This is the 3rd in the 5 part series by Stuart Irvine telling us all about his trip to The Irish Whiskey Academy.
To begin we looked at the raw materials used and how they are brought together in the brewing and fermentation process. This included a chance to get back out on site and see for ourselves the huge storage areas where the grains are delivered to, along with a look inside the brewhouse and the “Barry Crockett” stillhouse.
Normally the “Barry Crockett” stillhouse would be off limits to any visitors but, as Midleton’s newer “Garden” stillhouse was undergoing some work to install new stills, we were granted a one off opportunity.
Here we got a chance to see Midleton distillation happening before our eyes and it’s impressive to think that every bottle of Jameson, Powers, Redbreast, Midleton VR, and so on, that you see, on every shelf around the world, all originated from this stillhouse.
This is of course due to the fact that any spirit distilled in the “Garden” stillhouse will take time to mature into whiskey that is ready to be included in one of these brands.
From here we were back to the Academy for an in depth discussion into pot distillation along with a chance to taste some very unique liquids.
From memory, I believe it was explained that the normal tasting, at this stage of the Academy, would be made up from standard components of what may be Jameson but our host Ciaran went a little further to try and secure some components of what would be used to create those whiskeys we would see with the Powers label upon them.
If ever there was chance to really see what brings Powers Whiskey together then this was it.
For this tasting we were given a sample of the following:
New make Pot Still
New make Grain
10yo Pot Still distilled in 2006 and matured in a 1st fill bourbon cask
10yo Grain distilled in 2006 and matured in a 1st fill bourbon cask
10yo Pot Still distilled in 2006 and matured in a 1st fill sherry cask
8yo Pot Still distilled in 2008 and matured in a virgin oak cask
Not only did this give all involved a real insight into Powers whiskey but also how the different styles of whiskey and maturation can really change how the final bottle will turn out.
As you can imagine, after that extensive tasting, we were treated to some much needed lunch before heading back to the classroom to learn about grain whiskey distillation and the maturation process, which covered all the (known) woods that are currently being used at the Midleton distillery.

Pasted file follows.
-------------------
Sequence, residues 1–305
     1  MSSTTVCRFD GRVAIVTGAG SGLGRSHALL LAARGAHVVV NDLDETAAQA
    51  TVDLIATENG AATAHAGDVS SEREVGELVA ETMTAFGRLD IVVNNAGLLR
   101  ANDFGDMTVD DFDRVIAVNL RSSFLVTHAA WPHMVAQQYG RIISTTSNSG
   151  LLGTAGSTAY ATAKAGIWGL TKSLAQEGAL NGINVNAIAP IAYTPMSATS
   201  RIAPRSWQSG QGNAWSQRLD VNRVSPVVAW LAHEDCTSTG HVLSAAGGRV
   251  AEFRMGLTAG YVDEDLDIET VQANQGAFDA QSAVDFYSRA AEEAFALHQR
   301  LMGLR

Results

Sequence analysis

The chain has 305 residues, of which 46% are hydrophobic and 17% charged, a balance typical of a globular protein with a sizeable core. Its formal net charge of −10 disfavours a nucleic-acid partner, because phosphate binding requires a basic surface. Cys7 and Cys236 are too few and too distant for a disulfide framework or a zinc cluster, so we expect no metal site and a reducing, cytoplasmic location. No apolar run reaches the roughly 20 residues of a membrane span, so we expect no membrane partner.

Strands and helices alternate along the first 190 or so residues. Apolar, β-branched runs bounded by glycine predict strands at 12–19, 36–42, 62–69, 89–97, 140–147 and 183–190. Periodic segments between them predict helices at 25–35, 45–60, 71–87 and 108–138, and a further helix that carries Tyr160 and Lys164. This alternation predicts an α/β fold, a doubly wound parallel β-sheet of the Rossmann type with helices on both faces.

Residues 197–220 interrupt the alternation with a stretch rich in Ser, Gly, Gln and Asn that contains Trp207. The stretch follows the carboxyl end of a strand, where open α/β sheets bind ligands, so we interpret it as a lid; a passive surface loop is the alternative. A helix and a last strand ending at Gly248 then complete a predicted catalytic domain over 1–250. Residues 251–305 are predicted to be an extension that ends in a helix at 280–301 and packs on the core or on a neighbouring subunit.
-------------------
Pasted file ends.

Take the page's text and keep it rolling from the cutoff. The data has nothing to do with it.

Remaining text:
With all the theory of Irish whiskey making covered it seemed about time to have some more samples and sure enough it was. This time however we were heading downstairs to the tasting room to be taken through the Powers whiskey range itself.
This was now a chance to see how the components, that were tasted earlier, have been brought together to create the various styles of Powers that we now see in most bars.
For this tasting we had:
Powers Gold Label
Powers 12 year old
Powers Three Swallow
Powers John’s Lane
For me, this was the first time I had ever had the chance to try the full range side by side and to say it was enjoyable would be an understatement. Powers whiskey may have been overlooked for many a recent year but with this range of whiskeys behind them they can challenge any brand behind any bar.
Chatting to the team from Bullitt you could also see them developing a new found appreciation for the whiskey in front of them with each person having a very different and interesting view on the flavours they were finding within the spirit.
I daresay you may see a few new Powers cocktails coming very soon.
Now after the component tasting, and the Powers tasting, I’m sure you can guess what it was time for now….yes, that’s right, more whiskey, only this time it wasn’t in the classroom or in the opulent tasting room.
No, this time we were transported into the minor village that is made up by the Midleton warehouses and I’m not joking when I call it a minor village as there are around 45 warehouses on site storing a combined total of over 1.2 million casks of whiskey. Yes, you read that right…
For this final experience of Day One we were taken into warehouse 39b and allowed to sample two whiskeys straight from the cask.
For this tasting we were treated to:
Pot Still whiskey distilled in 1991 and matured in a 1st fill bourbon cask until 2005 when it was re-casked into another 1st fill bourbon cask.
Pot Still whiskey distilled in 1998 and matured in a 1st fill sherry cask
Words cannot express the excitement that is felt when, as a whiskey lover, you are allowed to remove and taste whiskey, straight from the cask, in the warehouse in which it has been maturing.
I’ve experienced this on several different occasions and I can tell you it never gets old and all I can say is that if you ever get the chance to do this, anywhere in the world, jump at the opportunity.
That concluded our first day at the Irish Whiskey Academy and it was time to head back to Castlemartyr for a couple of hours rest before the evening ahead…
Keep your eyes peeled for the 4th instalment of this 5 part series.
Words by Stuart Irvine aka Whisky Belfast.